The overhead smash and the volley are unique shots in tennis... the ball you hit hasn't bounced (some overhead smashes will hit balls after they have bounced, but most don't). This means that the spin on the ball has not been neutralized. Every ball that bounces comes off the ground with some forward rotation of the ball (even the slice shot!). When you hit the airborne lob, its spin has not been neutralized by a bounce. This greatly affects the way the ball comes off your racquet when hitting the overhead smash. Lobs with topspin usually come off the racquet in a manner that places the ball deep in the opponent's court. Lobs with slice usually come off the racquet in such a way that they are more likely to hit the net or bounce short in the opponent's court. These are other reasons why it is important to see the lobbed ball clearly. You want to know how the ball is spinning in its flight (frequently, the way in which the opponent strikes the ball will tell you whether the lobbed ball has backspin or topspin). If the ball has topspin, try to hit the ball a bit shorter in your opponent's court... its spin will keep it from hitting the net. However, if you notice that the lobbed ball has backspin (slice), you need to compensate for this spin by hitting it deeper into your opponent's court. Here is my little rule for hitting overheads: if the lob has topspin, I aim for the opponent's service line... if the lob has backspin, I aim for the opponent's baseline... if the lob has very little ball rotation, I aim for a spot half way between my opponent's service line and baseline. A player's inability to notice the lobbed ball's spin and to compensate for that spin will result in many missed overheads!

Finally, the player needs to know when to let a lob bounce before hitting the smash. There are three situations in which I let the lob bounce: when the lob has been hit very, very high... when hitting the lob before it bounces will put the sun in my eyes... and when a swirling wind prevails. In each of these situations, I move back as far as I can as quickly as I can. I watch the ball carefully, let it bounce and then move in to hit the overhead. I always try to position myself in such a way that requires that I move forward to hit the overhead if I am letting the lob bounce. In addition, I try to impart some sidespin on the overhead (similar to the slice serve), whenever I let the lob bounce.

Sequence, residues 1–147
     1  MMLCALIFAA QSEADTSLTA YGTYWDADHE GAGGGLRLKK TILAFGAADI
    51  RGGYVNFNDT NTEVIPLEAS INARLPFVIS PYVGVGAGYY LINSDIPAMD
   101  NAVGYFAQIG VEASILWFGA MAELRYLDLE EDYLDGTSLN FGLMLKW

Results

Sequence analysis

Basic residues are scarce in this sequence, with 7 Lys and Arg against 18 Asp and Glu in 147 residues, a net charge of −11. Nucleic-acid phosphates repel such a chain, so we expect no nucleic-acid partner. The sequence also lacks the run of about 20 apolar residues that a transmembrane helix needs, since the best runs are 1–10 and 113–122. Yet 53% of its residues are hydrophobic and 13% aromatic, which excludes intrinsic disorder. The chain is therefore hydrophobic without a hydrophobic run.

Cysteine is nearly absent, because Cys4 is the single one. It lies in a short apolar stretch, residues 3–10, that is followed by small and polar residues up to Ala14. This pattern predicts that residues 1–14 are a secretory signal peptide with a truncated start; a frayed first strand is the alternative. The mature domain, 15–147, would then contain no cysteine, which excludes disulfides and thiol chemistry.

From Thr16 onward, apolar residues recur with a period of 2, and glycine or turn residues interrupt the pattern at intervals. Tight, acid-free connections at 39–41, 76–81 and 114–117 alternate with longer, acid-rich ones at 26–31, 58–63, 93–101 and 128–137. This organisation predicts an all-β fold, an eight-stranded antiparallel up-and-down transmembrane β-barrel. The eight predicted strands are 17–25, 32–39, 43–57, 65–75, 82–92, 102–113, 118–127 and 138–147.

Players need to practice hitting overheads regularly in their practice sessions. Have your partner feed lobs or use a ball machine for this purpose. You can actually feed yourself lobs by bouncing balls off a backboard of wall (see SOLO Tennis). Regardless of how you practice the overhead, every player needs to find time for these essential specialty shots.

Moonballs, lobs and overheads may not be the norm in your tennis game. But, I assure you that if you master these shots, you will soon become a tennis overdog. Good luck in your game!

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This column is copyrighted by Ron Waite, all rights reserved. Questions and comments about these columns can be directed to Ron by using this form.

Ron Waite is a certified USPTR tennis instructor who took up the game of tennis at the age of 39. Frustrated with conventional tennis methods of instruction and the confusing data available on how to learn the game, Ron has sought to sift fact from fiction. In his seven years of tennis, Ron has received USTA sectional ranking four years, has successfully coached several NCAA Division III men's and women's tennis teams to post season competition, and has competed in USTA National singles tournaments. Ron has trained at a number of tennis academies and with many of the game's leading instructors.

In addition to his full-time work as a professor at Albertus Magnus College, Ron photographs ATP tour events for a variety of organizations and publications. The name of his column, TurboTennis, stems from his methods to decrease the amount of time it takes to learn and master the game of tennis.